Monday, May 10, 2010

What exactly did they say?

The results in the UK election are in and as the wise man once said, the people have spoken but we're going to have to figure out what they said. With 650 seats, the magic figure is 325. However, when you count the Sinn Féin abstentions and the speaker the total shrinks to 644, giving a majority figure of 322.

The Conservatives on 306 are very much in the driving seat. The obvious route to power is to sign a deal with the Liberal Democrats and be done with it. However, the thorny issues of electoral reform and the complete opposite views on Europe will make this a difficult deal to broker. There is also the question as to whether the two parties will join in formal coalition or will the LibDems agree to support a Conservative minority government on the main issues but still feel free to oppose them on certain other topics.

Labour on 258 along with the Liberal Democrats on 57 are still only on 315 and so would have to pull in at least another 7 supporters from the minor parties. Support from SDLP and Alliance in the North will give them 4 meaning that either the SNP or PC, or more likely both to keep things stable, would be required. Were this grouping to agree to push through electoral reform and agree to call another election within the year under the new system I could see it lasting the required distance.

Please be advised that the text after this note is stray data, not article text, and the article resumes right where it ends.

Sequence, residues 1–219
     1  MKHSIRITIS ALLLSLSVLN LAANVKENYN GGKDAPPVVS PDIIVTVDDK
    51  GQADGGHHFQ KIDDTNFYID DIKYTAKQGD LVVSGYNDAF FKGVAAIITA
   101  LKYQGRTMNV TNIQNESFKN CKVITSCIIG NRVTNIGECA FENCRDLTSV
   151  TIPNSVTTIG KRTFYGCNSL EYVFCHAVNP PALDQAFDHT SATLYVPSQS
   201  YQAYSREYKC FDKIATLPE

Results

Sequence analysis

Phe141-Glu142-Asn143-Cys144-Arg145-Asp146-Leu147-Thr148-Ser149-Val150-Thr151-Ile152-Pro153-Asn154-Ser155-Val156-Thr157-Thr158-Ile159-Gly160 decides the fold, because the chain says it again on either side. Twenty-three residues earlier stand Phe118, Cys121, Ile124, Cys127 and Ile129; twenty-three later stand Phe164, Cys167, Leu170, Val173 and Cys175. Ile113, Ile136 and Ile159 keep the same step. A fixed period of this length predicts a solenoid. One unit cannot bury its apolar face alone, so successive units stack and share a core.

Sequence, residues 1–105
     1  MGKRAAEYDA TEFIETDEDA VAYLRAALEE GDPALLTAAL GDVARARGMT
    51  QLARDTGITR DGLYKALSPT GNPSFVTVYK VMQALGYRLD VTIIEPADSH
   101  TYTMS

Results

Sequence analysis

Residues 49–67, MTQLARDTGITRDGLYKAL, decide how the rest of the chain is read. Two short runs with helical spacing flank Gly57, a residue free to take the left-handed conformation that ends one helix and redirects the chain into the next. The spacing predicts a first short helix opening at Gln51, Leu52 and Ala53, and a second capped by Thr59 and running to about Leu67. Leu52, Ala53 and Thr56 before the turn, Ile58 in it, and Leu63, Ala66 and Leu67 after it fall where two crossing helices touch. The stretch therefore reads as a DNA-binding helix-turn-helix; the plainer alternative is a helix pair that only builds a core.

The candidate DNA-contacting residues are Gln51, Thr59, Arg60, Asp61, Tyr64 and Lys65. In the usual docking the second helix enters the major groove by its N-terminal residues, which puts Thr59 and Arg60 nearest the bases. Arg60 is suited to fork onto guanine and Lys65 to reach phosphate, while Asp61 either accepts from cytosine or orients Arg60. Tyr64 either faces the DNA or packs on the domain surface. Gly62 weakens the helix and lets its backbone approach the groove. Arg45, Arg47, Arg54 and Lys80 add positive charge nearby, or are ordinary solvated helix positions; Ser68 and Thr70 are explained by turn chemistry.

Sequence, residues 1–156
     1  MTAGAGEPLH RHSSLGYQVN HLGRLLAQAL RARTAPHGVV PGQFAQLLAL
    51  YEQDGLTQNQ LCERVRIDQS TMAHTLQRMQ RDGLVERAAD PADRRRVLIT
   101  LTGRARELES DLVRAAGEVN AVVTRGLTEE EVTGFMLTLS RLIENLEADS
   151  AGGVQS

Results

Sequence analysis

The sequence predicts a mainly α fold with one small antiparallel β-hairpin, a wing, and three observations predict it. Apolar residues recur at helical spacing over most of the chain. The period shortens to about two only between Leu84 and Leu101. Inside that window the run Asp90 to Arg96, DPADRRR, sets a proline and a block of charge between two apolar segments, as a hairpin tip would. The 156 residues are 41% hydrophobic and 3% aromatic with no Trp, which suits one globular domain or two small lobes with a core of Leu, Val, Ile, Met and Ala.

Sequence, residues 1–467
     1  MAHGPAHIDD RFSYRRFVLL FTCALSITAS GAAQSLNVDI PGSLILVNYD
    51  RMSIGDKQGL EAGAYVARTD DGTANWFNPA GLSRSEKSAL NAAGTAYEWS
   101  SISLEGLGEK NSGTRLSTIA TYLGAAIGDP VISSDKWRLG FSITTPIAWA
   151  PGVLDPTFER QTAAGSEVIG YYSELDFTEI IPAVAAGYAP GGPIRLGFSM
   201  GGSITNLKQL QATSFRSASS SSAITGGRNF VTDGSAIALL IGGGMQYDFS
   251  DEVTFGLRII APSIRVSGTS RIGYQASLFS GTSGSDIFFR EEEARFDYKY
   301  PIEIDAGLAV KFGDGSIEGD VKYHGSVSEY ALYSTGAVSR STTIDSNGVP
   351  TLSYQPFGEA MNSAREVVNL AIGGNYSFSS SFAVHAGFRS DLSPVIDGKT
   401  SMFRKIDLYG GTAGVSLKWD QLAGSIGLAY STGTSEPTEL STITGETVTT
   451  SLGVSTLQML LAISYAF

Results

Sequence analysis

From an Irish perspective I don't see what the great rush is. If you are putting together a team to run a country, a hastily cobbled together agreement in not the way to do it. Cool, calm heads are required along with a reasonable period of debate and discussion both between the potential partners and within their own groupings is required. Consider how long it took the Greens and Fianna Fáil in 2007, FF and the PDs in 1989 or most spectacularly the FF and Labour negotiations in 1992. Gordon Brown can be left steering the ship for a few days more to make sure the right deal is put in place.

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